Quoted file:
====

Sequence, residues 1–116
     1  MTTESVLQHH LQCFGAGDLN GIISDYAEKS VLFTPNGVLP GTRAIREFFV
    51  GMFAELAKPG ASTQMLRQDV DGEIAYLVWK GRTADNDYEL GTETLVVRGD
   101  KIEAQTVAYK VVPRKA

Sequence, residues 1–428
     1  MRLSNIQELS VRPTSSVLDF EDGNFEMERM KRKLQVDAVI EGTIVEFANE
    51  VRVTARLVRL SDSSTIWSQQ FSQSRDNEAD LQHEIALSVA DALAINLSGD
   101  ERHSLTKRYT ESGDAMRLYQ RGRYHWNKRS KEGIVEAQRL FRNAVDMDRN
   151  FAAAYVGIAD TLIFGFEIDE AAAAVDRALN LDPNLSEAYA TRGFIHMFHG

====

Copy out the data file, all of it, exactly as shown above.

Sequence, residues 1–116
     1  MTTESVLQHH LQCFGAGDLN GIISDYAEKS VLFTPNGVLP GTRAIREFFV
    51  GMFAELAKPG ASTQMLRQDV DGEIAYLVWK GRTADNDYEL GTETLVVRGD
   101  KIEAQTVAYK VVPRKA

Sequence, residues 1–428
     1  MRLSNIQELS VRPTSSVLDF EDGNFEMERM KRKLQVDAVI EGTIVEFANE
    51  VRVTARLVRL SDSSTIWSQQ FSQSRDNEAD LQHEIALSVA DALAINLSGD
   101  ERHSLTKRYT ESGDAMRLYQ RGRYHWNKRS KEGIVEAQRL FRNAVDMDRN
   151  FAAAYVGIAD TLIFGFEIDE AAAAVDRALN LDPNLSEAYA TRGFIHMFHG